Function optimization, feature selection, game playing

Can get trapped in local optima, highly sensitive to initial solution

Simulated Annealing

A probabilistic optimization algorithm inspired by the annealing process in metallurgy, which allows occasional non-optimal moves to escape local optima.

Combinatorial optimization, scheduling, traveling salesman problem

Slower convergence, requires careful tuning of parameters

Genetic Algorithm

A search heuristic based on the principles of natural selection and genetic inheritance, which evolves a population of candidate solutions to find an optimal solution.

Function optimization, machine learning, scheduling

Computationally expensive, may require many iterations

Tabu Search

A metaheuristic that explores the solution space by moving from one solution to another, using memory structures to avoid revisiting previously encountered solutions.

Combinatorial optimization, vehicle routing, job-shop scheduling

Requires careful tuning of parameters, can be computationally intensive

Heuristics are often based on experience, intuition, or common sense and are used to guide the search for a solution in a way that is efficient and effective. They can be useful in situations where the problem is too complex or too large to be solved by an algorithm that guarantees a correct solution.

Examples of heuristics in computer science include:

  • Best-first search
  • Hill climbing
  • Simulated annealing
  • Genetic algorithms

Heuristics can be very useful in computer science, they can be faster and more efficient than other techniques, but they are also less reliable and might not provide optimal solutions.

In computer science, artificial intelligence, and mathematical optimization, a heuristic is a technique designed for solving a problem more quickly when classic methods are too slow or for finding an approximate solution when classic methods fail to find any exact solution. This is achieved by trading optimality, completeness, accuracy, or precision for speed.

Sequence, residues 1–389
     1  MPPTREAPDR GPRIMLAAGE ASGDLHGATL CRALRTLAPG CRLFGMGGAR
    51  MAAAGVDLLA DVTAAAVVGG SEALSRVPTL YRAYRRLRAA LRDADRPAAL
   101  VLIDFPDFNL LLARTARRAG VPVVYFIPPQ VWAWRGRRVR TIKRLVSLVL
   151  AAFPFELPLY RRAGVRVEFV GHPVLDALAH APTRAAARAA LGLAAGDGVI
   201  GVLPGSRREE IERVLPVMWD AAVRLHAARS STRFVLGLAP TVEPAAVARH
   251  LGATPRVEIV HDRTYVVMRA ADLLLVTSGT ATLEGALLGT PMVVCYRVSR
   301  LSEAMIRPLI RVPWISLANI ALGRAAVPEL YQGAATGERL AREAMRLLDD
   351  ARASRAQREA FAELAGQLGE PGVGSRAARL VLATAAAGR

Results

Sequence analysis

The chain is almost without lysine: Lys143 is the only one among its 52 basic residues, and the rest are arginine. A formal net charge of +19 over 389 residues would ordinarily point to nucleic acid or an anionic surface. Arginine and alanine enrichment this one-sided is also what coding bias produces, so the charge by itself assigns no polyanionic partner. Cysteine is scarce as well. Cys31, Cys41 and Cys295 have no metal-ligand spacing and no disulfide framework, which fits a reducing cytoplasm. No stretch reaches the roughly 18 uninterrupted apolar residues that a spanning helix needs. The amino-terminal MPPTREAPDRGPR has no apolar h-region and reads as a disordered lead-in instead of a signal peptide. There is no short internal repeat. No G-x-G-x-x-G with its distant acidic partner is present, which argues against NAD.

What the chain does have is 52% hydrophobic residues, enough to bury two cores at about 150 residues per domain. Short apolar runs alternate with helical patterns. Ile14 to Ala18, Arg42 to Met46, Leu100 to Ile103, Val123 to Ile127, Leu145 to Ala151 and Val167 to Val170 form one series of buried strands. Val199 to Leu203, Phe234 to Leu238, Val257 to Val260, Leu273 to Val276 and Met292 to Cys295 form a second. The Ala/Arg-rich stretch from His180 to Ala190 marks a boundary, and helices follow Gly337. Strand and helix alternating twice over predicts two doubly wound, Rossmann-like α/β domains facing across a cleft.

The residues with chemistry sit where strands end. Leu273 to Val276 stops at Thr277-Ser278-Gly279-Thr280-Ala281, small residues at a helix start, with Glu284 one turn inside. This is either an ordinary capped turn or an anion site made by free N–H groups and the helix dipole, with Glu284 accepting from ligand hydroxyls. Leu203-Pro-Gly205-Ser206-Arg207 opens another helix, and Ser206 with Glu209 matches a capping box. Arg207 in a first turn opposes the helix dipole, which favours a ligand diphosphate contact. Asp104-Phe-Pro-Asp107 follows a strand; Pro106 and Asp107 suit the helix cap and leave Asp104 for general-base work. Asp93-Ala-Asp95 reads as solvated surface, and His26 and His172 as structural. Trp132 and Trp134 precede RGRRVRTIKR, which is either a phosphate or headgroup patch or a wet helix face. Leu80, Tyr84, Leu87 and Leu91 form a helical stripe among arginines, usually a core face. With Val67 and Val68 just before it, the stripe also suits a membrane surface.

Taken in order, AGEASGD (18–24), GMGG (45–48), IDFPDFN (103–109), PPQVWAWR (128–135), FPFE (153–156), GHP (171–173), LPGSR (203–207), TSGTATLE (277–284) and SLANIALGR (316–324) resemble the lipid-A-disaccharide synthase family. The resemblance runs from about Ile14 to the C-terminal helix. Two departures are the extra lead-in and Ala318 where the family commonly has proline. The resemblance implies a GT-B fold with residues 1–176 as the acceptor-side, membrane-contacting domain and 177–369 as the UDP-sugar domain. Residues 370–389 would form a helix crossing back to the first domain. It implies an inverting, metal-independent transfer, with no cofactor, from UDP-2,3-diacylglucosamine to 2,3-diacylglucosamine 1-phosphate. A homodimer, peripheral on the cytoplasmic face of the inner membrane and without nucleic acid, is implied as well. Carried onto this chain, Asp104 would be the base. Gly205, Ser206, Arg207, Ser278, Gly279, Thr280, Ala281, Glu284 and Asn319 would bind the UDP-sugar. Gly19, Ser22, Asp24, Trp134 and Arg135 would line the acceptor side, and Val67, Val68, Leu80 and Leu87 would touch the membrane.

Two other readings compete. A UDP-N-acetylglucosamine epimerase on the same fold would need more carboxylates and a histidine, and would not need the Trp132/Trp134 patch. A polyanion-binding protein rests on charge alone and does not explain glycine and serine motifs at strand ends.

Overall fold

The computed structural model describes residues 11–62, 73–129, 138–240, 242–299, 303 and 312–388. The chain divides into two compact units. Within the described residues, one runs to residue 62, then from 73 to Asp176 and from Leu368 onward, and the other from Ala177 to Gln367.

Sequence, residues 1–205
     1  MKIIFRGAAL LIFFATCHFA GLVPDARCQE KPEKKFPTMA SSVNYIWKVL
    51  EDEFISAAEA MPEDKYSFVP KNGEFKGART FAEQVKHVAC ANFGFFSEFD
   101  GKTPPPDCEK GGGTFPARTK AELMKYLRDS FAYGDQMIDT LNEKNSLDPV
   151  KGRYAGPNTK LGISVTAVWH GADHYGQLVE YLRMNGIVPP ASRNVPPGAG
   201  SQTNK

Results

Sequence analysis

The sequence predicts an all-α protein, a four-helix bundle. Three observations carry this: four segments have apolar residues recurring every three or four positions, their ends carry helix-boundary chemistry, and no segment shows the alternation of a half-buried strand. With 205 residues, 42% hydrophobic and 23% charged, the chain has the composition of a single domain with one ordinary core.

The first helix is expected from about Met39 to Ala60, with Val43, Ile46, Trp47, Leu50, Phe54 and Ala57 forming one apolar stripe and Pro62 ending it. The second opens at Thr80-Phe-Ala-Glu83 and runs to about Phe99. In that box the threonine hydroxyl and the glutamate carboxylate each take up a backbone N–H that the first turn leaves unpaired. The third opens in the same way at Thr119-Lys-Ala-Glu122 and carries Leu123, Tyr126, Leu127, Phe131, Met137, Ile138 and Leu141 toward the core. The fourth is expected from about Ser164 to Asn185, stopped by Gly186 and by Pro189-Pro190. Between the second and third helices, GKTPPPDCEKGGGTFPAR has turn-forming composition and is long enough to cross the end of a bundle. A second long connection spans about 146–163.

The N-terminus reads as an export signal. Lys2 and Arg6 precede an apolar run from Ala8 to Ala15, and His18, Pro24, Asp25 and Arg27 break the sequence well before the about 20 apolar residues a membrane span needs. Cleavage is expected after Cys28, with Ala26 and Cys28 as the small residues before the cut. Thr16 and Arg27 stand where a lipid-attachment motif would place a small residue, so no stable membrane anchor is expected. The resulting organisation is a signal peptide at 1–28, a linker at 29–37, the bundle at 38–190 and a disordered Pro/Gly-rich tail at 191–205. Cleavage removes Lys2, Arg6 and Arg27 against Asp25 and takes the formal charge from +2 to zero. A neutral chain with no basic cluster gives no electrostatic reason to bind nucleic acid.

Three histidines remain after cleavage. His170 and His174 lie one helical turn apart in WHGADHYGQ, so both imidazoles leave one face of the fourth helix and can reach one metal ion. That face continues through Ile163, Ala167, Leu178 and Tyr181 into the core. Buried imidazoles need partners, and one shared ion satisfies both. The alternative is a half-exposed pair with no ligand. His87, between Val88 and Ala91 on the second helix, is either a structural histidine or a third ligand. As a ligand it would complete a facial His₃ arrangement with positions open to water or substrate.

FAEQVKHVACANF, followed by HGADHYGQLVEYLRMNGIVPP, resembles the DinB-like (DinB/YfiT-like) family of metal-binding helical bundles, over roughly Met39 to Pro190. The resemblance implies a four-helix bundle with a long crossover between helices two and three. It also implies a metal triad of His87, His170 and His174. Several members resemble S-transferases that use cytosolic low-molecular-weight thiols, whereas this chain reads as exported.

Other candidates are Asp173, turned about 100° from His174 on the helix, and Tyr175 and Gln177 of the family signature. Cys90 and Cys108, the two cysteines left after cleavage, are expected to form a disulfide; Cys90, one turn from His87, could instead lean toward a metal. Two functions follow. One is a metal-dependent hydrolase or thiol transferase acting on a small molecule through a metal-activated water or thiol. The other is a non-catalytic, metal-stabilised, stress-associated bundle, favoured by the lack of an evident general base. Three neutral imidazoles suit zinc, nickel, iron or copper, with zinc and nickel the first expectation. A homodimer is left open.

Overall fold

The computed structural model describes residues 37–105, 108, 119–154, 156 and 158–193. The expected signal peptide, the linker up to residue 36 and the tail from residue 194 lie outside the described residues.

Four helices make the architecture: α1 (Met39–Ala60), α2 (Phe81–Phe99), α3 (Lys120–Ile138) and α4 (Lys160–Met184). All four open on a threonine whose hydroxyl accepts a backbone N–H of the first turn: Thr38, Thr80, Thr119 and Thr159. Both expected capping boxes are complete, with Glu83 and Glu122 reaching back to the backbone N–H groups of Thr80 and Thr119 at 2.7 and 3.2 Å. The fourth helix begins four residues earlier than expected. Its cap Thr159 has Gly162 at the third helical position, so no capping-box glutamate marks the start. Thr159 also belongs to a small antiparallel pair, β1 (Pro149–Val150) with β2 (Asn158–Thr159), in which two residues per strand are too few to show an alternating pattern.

Heuristic programming employs a practical method, not guaranteed to be optimal, perfect, logical, or rational, but instead sufficient for reaching an immediate goal. It is important to highlight that Heuristics are the strategies derived from previous experiences with similar problems. These strategies rely on using readily accessible, though loosely applicable, information to control problem-solving in human beings, machines, and abstract issues. 
And the objective of a heuristic is to produce a solution in a reasonable time frame that is good enough for solving the problem at hand. 

The trade-off criteria for deciding whether to use a heuristic for solving a given problem:

  • Optimality: When several solutions exist for a given problem, does the heuristic guarantee that the best solution will be found? Is it actually necessary to find the best solution?
  • Completeness: When several solutions exist for a given problem, can the heuristic find them all? Do we actually need all solutions? Many heuristics are only meant to find one solution.
  • Accuracy and precision: Can the heuristic provide a confidence interval for the purported solution? Is the error bar on the solution unreasonably large?
  • Execution time: Is this the best-known heuristic for solving this type of problem? Some heuristics converge faster than others. Some heuristics are only marginally quicker than classic methods.

And now, the main question is: why do we rely on heuristics? 
Psychologists have suggested a few different theories:

  • Effort reduction: According to this theory, people utilize heuristics as a type of cognitive laziness. Heuristics reduce the mental effort required to make choices and decisions.
  • Attribute substitution: Other theories suggest people substitute simpler but related questions in place of more complex and difficult questions.
  • Fast and frugal: Still other theories argue that heuristics are actually more accurate than they are biased. In other words, we use heuristics because they are fast and usually correct.

This is in contrast to algorithmic programming, which is based on mathematically provable procedures. But what is important to understand here is that Heuristic programming is characterized by programs that are self-learning; they get better with experience. Remember, heuristics don't guarantee the best or perfect solution, but they often lead to good solutions in a reasonable time frame, which is why they're so widely used in computer science.

Let us know about your thoughts and experience with heuristic programming, we would be happy to discuss it in the comments section below.